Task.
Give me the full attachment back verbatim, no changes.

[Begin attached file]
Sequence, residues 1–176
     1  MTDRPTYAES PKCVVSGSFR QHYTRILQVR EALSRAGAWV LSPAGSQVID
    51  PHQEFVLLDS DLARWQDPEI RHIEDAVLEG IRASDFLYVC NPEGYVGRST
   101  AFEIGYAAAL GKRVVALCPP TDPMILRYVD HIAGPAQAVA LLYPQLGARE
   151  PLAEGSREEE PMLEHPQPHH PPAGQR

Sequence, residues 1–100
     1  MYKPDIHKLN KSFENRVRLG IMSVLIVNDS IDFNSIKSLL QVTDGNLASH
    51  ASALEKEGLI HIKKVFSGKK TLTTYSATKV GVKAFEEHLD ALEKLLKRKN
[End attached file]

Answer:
Sequence, residues 1–176
     1  MTDRPTYAES PKCVVSGSFR QHYTRILQVR EALSRAGAWV LSPAGSQVID
    51  PHQEFVLLDS DLARWQDPEI RHIEDAVLEG IRASDFLYVC NPEGYVGRST
   101  AFEIGYAAAL GKRVVALCPP TDPMILRYVD HIAGPAQAVA LLYPQLGARE
   151  PLAEGSREEE PMLEHPQPHH PPAGQR

Sequence, residues 1–100
     1  MYKPDIHKLN KSFENRVRLG IMSVLIVNDS IDFNSIKSLL QVTDGNLASH
    51  ASALEKEGLI HIKKVFSGKK TLTTYSATKV GVKAFEEHLD ALEKLLKRKN